—CNN profiles Ali Ferzat.

—Matt Fraction has trouble getting people to believe him about Bob Kane's grave.

—Webcomics get the BuzzFeed treatment.

—Webcomics continue to get the Sean T. Collins treatment (every Wednesday).

—Alan Gardner notes that Lynn Johnson has posted a series of rejected For Better or Worse strips.

—The Glyph Comics Award winners have been announced.

—And I don't often point out crowdfunding projects on here, but this one started by Jack Kirby's grandson will surely be of interest to a lot of you, so there you go.


Hat Trick

Today on the site, we bring you R.O. Blechman's speech from the opening of his retrospective at the Norman Rockwell Museum. Here's how it starts:

If anybody had told me back in the 1940s that there would be a museum dedicated to Norman Rockwell, I would have thought it was a joke. A museum for a Saturday Evening Post illustrator? Impossible. And me in that museum? Sheer fantasy.

In 1947 I was graduating high school. For the Senior play I was cast as somebody called Alfred. I had only one line in the play. When an actor very proudly showed me a painting he had just done, I said— and here comes my line: “Gosh, that’s almost as good as a Norman Rockwell.” That brought down the house. And no wonder. Norman Rockwell was not considered a serious painter. As The New York Times once asked—this in a headline-- was he “a painter,” or “merely an illustrator”? That question answered itself.


—Interviews. Michael DeForge talks to Open Book Toronto. Peter Bagge talks to CBR. Mike Diana talks to the Miami New Times (via). And I'm pretty sure I posted this before, but I can't find it now, and someone e-mailed it to me: Paul Pope in his studio:

—TCAF. Former Heroes Con coordinator Dustin Harbin weighs in on the debate surrounding TCAF programming. Fantagraphics has another huge photo recap. And Brad Mackay has the video footage of David Collier's already legendary award acceptance speech.

—Misc. Dick Locher's retiring. Comics Alliance is winking? Robert Crumb is rushing the stage. The first review of Ivan Brunetti's Aesthetics I've seen in the wild.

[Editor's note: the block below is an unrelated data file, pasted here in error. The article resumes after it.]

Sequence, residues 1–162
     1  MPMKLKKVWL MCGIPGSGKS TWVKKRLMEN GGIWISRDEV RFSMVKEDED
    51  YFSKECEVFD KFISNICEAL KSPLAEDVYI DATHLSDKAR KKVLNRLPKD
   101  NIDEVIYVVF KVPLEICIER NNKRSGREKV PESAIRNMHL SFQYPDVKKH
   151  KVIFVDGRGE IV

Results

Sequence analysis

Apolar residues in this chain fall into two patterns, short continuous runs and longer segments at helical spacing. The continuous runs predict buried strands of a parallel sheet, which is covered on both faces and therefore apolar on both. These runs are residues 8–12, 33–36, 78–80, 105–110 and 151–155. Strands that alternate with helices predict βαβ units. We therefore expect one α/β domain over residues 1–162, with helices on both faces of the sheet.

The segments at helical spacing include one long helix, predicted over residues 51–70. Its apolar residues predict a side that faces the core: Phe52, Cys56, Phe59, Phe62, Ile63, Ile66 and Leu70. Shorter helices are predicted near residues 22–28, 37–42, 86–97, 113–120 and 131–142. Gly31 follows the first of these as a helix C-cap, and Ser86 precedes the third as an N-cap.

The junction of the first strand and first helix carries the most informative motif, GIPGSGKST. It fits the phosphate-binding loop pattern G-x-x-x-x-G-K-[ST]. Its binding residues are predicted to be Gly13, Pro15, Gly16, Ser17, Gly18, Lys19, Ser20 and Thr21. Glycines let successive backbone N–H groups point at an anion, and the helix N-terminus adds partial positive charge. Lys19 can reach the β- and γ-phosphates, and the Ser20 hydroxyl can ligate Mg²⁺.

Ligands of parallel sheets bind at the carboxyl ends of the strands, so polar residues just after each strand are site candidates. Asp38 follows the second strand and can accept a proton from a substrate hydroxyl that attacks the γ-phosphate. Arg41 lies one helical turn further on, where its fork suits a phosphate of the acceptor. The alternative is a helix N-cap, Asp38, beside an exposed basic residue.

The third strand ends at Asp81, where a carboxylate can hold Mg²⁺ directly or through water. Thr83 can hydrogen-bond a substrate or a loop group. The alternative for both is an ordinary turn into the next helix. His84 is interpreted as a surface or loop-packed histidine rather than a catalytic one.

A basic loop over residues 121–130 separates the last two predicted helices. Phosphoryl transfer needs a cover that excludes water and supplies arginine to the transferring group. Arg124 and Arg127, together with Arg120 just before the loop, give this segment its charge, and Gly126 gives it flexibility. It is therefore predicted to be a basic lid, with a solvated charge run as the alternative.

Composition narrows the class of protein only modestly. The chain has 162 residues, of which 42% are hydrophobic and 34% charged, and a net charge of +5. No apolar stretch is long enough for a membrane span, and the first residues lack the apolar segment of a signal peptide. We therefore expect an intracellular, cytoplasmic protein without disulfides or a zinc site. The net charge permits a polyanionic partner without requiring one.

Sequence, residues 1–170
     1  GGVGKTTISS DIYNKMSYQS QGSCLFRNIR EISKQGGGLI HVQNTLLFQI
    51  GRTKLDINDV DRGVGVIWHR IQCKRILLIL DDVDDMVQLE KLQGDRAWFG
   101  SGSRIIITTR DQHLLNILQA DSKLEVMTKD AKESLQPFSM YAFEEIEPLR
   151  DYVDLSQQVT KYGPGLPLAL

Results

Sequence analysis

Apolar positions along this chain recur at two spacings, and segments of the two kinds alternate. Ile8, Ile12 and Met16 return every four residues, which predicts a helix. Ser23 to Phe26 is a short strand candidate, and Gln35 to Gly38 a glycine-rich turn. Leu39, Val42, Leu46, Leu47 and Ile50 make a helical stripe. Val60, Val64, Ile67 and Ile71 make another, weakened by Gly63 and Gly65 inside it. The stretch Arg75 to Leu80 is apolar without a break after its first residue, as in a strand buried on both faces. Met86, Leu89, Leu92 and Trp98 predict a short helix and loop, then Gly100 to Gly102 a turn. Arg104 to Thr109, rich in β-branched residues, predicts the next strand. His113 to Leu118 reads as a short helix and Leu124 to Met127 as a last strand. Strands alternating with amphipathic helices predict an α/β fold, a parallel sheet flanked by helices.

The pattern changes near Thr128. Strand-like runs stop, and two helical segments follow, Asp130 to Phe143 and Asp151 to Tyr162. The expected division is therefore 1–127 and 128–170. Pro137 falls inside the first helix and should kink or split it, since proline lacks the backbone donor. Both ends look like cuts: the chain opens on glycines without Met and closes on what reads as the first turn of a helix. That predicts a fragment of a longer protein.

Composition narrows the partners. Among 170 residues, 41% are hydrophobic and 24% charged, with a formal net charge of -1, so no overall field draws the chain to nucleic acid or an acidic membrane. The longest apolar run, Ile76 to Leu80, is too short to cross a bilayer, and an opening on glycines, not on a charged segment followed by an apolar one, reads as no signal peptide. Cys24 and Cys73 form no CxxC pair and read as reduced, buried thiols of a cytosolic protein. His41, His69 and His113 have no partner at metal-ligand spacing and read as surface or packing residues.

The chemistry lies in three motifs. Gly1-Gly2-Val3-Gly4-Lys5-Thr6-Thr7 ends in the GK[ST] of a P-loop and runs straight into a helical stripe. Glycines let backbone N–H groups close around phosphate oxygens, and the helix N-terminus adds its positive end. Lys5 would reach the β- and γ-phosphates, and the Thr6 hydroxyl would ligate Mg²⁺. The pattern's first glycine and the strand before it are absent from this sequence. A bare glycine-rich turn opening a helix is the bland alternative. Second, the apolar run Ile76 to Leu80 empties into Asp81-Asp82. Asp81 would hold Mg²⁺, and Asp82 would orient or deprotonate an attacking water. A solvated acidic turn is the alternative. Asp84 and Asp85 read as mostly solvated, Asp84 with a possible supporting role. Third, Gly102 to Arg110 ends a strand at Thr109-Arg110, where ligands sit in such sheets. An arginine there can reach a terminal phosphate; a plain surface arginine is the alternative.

Greetings from Chicago, where I've had the finest mole sauce of my life at Sol on Cicero. But that's no concern of yours. You just want to get to the good stuff: Joe McCulloch.


Following (coincidentally) on Tom Spurgeon's recent thoughts on comics fitness/lifestyles, here's Brian Wood on CrossFit.

I'm sorry to hear that the illustration blog Drawn! is no more.

Dustin Harbin has some thoughts on TCAF programming and how we place value on such things in comics.

Dash Shaw (known primarily as a TCJ-contributor) has some animation art he did with Frank Santoro up on eBay. Check it out.

Finally: True enough.




Everybody’s Talkin’ at Me

Today on the site we bring you the great R.C. Harvey with his latest column, a look at Harold Gray's Little Orphan Annie. Here's an excerpt:

Oddly enough perhaps, Little Orphan Annie reached the zenith of its popularity during the thirties. "Odd" because it was the decade of Franklin D. Roosevelt, the man who gave government a social conscience. FDR's mission ran in directions diametrically opposed to Gray's ideas of self-sufficiency. Under Roosevelt's tutelage, the down-trodden and the poor, the halt and the lame were encouraged to look to government for help rather than exhorted to help themselves by toiling determinedly and exercising tenaciously the principles of free enterprise. Gray's message was precisely the opposite—although it was as much an accident of his story as it was a matter of political conviction.